Nurse call systems have changed quite a bit over the years. In facilities today, these systems are used to achieve several functions. However, the meaning of a nurse call system remains the same as well as its fundamental function.
Nurse call systems are equipment used by a patient to alert or communicate with a caregiver. It goes without saying that since the fundamental function has remained the same, the standard components would remain the same.
There are certain basic components of any nurse call system. Each of these components plays a role in making the system work as it should, ensuring the safety of patients and caregivers.
Standard Components of a Nurse Call System
The UL 1069 code governs the placement, notification, and resetting of patient-initiated and staff-initiated signals. This code also states the basic requirements in a nurse call system.
The Facility Guidelines Institute (FGI) also provides some guidelines on the device requirements for different room types. You might also want to check which codes your state adopts.
While modern development has enabled nurse call systems to do more, we have traditional components that are always a must. We have explained them below.
The master station is usually located at the nurse station, out of the seeing and hearing range of patients. It allows for the visible and audible annunciation of calls. The master station has two primary pieces of equipment to enable this function.
- A telephone handset with LCD screen
- A PC-based central console with telephony capabilities
The central console helps in prioritizing calls, checking call status and room numbers. It can track and display the time of call initiation. The hospital could also program it for call reminders based on a pre-determined time for call attendance.
A room station is a station that allows patients or staff to signal for assistance. The communication is usually initiated by the simple press of a button or the pull of a cord. It could signal for nurse assistance or code blue. FGI specifies the type of communication needed in each type of room.
Primarily, this station is located at the patient's bedside. The button is usually on the pillow speaker. The speaker can have other functions like temperature, television, and lighting control. Other advanced functions can also be connected to the patient station to monitor bed rail position and medical equipment.
However, the FGI has identified other positions like the toilet station, shower station, and caregiver-initiated station, which we will discuss below.
This station is a simple pull cord that allows patients to seek assistance for getting on or off the toilet. It should be located strategically such that patients can activate it while lying down in the case of a fall.
This station is similar to the toilet station. The difference lies in the fact that the station is designed to handle the wet environment of a shower.
This station is usually a wall-mounted push button and allows caregivers to call for help from the master station. FGI only requires it in certain types of rooms.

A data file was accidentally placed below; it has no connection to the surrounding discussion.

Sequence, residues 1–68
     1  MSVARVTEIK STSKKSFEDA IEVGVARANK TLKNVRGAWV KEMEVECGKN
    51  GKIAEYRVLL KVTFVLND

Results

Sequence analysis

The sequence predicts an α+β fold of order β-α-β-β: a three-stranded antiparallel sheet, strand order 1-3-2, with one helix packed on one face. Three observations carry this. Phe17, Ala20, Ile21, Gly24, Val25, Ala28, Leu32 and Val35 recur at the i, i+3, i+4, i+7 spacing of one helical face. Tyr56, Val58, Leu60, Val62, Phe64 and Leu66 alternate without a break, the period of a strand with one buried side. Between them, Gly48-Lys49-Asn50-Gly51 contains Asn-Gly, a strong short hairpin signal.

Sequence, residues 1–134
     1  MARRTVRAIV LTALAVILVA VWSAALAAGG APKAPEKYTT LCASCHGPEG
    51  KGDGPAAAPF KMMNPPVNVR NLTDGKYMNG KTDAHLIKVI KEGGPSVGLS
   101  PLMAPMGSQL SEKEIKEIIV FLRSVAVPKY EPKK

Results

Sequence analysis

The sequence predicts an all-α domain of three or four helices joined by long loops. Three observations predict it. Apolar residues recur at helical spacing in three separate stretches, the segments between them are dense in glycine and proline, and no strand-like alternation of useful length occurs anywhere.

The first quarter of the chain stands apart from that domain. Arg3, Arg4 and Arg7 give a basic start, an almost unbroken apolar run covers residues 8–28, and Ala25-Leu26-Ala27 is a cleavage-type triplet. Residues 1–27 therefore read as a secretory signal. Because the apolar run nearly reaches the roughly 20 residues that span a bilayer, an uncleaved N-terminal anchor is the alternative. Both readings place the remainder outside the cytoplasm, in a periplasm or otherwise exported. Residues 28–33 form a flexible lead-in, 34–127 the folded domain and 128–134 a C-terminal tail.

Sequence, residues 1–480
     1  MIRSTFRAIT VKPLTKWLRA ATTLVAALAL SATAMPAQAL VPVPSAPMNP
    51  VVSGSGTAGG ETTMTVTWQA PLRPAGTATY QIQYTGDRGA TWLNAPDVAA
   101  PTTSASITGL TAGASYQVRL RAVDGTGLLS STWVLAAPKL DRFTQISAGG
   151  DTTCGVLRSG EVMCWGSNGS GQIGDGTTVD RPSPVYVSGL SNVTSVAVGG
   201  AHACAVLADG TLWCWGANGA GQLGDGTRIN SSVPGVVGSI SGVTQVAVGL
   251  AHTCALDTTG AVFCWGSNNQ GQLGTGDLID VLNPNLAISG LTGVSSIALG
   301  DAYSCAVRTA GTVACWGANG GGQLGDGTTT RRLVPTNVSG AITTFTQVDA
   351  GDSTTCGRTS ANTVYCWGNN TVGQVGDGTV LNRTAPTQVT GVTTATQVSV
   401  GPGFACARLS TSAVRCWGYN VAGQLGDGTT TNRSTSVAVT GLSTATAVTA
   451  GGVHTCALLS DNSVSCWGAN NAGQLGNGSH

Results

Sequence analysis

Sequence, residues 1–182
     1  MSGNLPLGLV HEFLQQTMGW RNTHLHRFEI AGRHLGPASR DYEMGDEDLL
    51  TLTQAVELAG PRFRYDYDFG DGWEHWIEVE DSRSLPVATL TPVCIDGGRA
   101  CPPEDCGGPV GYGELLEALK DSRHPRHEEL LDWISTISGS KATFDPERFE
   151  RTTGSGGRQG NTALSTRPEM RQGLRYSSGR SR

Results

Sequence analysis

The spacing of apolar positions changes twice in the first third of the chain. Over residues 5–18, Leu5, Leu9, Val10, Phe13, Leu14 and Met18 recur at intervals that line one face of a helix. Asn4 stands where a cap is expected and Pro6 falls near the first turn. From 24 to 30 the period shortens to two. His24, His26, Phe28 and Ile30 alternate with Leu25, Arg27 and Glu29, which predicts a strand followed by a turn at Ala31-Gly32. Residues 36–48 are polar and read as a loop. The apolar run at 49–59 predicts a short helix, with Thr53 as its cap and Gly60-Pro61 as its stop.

Call devices in a room station come in different shapes and sizes. Some are cord sets with adapters, while others are pendant style with a push-button switch. The wall-mounted devices with push buttons and lights are the most common, though. FGI can give you more insight into what's best for your facility.
Duty and Staff Stations
These stations are usually located in hallways and other remote areas that a caregiver could access. There are strategically placed for caregivers to know of calls even when they are in break rooms, nourishment stations, linen rooms, and other such areas.
A duty station has an audible and visual indication of an initiated call. On the other hand, a staff station provides two-way voice communication along with the functions of the duty station. Duty stations are no longer widely manufactured, though. Most manufacturers produce staff stations and market them as a duty/staff station.
The station can either show the specific patient calling or allow the caregiver to communicate with the master station to maintain confidentiality.
These multi-colored LEDs are placed in front of every room with a call initiation station. It makes response time faster as nurses can quickly locate the room needing help. Other than expediting response time, dome lights can also communicate additional messages to nurses or caregivers. Some of those information include;
- A different color for each type of emergency
- Flashing patterns or pulsing to distinguish the level of need
- Used with staff locator technology to show the type of caregiver in the room
Dome lights are usually mounted where they can be seen from the nurse station for maximum effectiveness. Where this is not possible, zone lights are used for quicker location till the specific room is seen.
All Work Together!
All these standard components of nurse call systems work together to achieve their purpose. That's why it's a system and not just one piece of equipment. The room stations are used for call initiation, nurses are alerted about the emergency at the master station or other duty/staff stations, and dome lights make it easy to locate the room with the emergency and respond promptly.
Nurse call systems of today have added more components and features. However, you can never do away with the standard components that we have discussed above.